The choppy economic waters in December and January are calming as recent consumer sentiment surveys are showing strong levels of confidence. However, most the current rebound is coming from lower income households and consumers in strong economic states like Florida. Nevertheless, all income groups believe the overall economy will remain strong for the rest of the year.
Internationally, levels of consumer confidence are mixed with Canada as “strong,” Australia as “rising,” compared to “weak” in the U.K. and “pessimistic” in India, Japan and Asia in general, according to CardData.
The University of Michigan Survey of Consumers reports consumer sentiment rose 4.3% in early March, compared to February, but down 3.6% from one-year ago. Consumer view of current economic conditions rose 2.5% in March, compared to the prior month, and down 8.3% from one-year ago. Consumer expectations increased 5.7% in March from February and is up 0.5% from last March.
The University of Michigan notes the early March gain in sentiment was entirely due to households with incomes in the bottom two-thirds of the distribution. Sentiment fell among households with incomes in the top third. The difference for the divergence was how households evaluated their personal finances, as lower income households expressed much more positive assessments. The divergence was due to a monthly jump of one-percentage point in income expectations among middle and lower incomes compared to a change of just one-tenth of a percentage point among those with incomes in the top third.
The University of Florida Consumer Sentiment Index reveals
Floridians’ opinions of their personal financial situation now compared with a year ago increased 1.3 points from 93.8 to 95.1. However, opinions varied greatly by gender and income levels, with male respondents and those with income levels under $50,000 reporting less-favorable opinions. In contrast, overall opinions as to whether this is a good time to buy a major household item like an appliance decreased 1.1 points from 100.2 to 99.1.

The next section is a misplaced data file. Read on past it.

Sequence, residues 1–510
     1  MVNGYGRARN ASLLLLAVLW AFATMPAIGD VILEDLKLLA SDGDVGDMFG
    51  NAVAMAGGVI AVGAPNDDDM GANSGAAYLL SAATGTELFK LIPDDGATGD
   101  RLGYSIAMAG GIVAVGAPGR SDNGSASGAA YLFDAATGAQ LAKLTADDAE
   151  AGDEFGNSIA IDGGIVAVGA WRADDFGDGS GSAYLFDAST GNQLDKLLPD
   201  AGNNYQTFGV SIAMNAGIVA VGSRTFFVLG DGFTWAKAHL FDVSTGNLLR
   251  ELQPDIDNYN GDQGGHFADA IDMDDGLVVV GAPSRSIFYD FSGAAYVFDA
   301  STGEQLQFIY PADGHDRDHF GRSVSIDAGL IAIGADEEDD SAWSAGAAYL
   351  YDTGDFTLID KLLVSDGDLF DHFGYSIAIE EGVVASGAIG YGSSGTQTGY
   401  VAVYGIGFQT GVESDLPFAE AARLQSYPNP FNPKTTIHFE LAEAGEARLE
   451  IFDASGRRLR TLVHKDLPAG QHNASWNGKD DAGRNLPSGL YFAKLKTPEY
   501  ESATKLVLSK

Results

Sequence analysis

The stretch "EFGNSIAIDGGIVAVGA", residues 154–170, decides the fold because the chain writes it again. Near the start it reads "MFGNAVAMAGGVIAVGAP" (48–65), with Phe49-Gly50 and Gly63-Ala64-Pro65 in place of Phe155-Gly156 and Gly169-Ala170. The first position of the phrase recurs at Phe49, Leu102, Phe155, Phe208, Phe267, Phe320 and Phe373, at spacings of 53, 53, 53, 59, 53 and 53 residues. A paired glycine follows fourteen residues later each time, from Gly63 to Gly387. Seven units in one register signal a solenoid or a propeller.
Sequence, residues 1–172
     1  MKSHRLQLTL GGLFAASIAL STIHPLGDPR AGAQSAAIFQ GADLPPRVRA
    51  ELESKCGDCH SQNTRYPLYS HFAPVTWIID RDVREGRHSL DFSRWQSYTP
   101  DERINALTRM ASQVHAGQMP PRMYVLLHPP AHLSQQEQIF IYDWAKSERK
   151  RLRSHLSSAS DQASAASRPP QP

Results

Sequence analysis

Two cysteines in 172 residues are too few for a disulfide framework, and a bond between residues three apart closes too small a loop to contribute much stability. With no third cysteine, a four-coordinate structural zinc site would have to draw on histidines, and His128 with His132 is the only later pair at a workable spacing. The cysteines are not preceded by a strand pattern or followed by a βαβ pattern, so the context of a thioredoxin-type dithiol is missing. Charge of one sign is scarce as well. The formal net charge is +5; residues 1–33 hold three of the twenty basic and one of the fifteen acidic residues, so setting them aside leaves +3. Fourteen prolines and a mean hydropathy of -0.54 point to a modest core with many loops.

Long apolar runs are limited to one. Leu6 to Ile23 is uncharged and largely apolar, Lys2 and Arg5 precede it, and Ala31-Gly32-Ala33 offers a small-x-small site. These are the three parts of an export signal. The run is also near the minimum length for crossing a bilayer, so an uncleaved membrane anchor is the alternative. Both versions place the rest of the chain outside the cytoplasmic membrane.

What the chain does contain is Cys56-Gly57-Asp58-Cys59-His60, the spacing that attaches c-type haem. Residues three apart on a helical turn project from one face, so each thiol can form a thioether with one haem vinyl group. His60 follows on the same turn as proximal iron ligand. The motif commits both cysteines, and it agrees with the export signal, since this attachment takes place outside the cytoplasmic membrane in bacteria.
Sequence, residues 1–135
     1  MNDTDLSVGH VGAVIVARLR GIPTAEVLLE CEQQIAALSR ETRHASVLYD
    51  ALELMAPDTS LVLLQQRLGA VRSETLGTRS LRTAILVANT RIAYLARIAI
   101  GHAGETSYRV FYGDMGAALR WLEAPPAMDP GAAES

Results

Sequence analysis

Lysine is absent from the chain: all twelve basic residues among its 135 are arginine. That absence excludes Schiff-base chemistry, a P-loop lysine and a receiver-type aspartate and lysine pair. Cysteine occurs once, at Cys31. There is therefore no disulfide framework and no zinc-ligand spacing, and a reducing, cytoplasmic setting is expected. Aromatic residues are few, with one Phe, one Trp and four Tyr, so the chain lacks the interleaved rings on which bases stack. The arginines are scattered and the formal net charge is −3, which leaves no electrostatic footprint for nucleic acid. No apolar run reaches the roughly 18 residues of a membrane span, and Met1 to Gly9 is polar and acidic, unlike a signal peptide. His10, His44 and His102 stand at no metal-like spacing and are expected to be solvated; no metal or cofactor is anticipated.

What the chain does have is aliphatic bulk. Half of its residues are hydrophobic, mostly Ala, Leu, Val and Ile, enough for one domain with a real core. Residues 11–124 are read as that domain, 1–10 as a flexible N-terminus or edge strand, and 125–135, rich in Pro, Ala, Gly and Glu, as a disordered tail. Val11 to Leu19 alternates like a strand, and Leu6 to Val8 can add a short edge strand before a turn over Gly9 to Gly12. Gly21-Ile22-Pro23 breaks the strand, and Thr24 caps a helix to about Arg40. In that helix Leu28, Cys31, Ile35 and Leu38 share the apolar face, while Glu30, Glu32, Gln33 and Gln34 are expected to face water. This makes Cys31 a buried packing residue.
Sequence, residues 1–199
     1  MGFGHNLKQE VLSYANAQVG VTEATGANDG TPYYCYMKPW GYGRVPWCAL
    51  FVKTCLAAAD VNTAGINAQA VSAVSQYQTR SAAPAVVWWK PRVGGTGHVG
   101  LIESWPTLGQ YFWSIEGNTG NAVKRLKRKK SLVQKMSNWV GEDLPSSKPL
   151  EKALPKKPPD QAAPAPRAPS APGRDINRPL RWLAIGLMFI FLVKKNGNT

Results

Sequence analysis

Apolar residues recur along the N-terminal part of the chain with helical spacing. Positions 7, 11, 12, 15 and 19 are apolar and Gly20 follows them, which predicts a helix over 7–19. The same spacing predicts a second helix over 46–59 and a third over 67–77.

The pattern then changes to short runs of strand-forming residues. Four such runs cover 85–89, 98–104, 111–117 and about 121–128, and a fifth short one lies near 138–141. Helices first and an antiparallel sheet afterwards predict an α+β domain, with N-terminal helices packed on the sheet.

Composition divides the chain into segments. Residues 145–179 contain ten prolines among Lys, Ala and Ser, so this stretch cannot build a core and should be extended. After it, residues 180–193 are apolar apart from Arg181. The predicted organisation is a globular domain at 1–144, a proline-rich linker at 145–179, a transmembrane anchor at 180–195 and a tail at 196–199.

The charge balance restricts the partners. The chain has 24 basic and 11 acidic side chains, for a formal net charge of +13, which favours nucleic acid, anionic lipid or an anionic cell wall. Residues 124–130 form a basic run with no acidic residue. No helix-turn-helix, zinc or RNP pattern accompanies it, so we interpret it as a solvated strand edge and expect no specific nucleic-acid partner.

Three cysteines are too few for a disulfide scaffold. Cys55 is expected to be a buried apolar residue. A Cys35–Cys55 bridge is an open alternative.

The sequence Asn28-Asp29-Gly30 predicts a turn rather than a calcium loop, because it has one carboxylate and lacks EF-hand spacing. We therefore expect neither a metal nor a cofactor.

Economic indicators in Florida remained positive. In particular, the labor market in Florida continued to add more jobs in December, and the monthly unemployment rate in Florida remained unchanged at 3.3%.
The GfK consumer confidence index in the UK held at -14 in January 2019, its lowest since July 2013 and slightly above market expectations of -15, as concerns about Brexit negotiations persist. Households’ assessment of their personal finances improved due to falling inflation and higher wages and employment, while their outlook on the economy over the next 12 months was the weakest since December 2011 (-39 vs -38).
The weekly ANZ-Roy Morgan Australian Consumer Confidence index notes 29% of Australians says they are “better off” in mid-March, compared to 33% in early mid-February. About 27% of Aussies say they are “worse off over the same period. However, improvements in sentiment toward current economic conditions were not strong enough to offset falls in the future sentiment of economic conditions.
Consumer Confidence in Canada decreased to 54.12 Index Points in February from 54.17 Index Points in January of 2019. Consumer Confidence in Canada averaged 53.44 Index Points from 2010 until 2019, reaching an all time high of 57.05 Index Points in November of 2018 and a record low of 46.80 Index Points in February of 2016.
The Consumer Confidence Index in Japan fell to 41.9 in January 2019 from 42.7 in the previous month and below market expectations of 42.5. This was the lowest reading since November 2016, amid a deterioration in households’ perceptions on employment (down 1.5 points to 44.3), willingness to buy durable goods (down 1.1 points to 41.7), overall livelihood (down 0.5 points to 40.1) and income growth (down 0.3 points to 41.4).
The Reserve Bank of India reports the December 2018 round of its Consumer Confidence Survey (CCS). Consumer confidence turned around in the December 2018 round with the current situation index (CSI) gaining 2.8 points, though still remaining in pessimistic territory.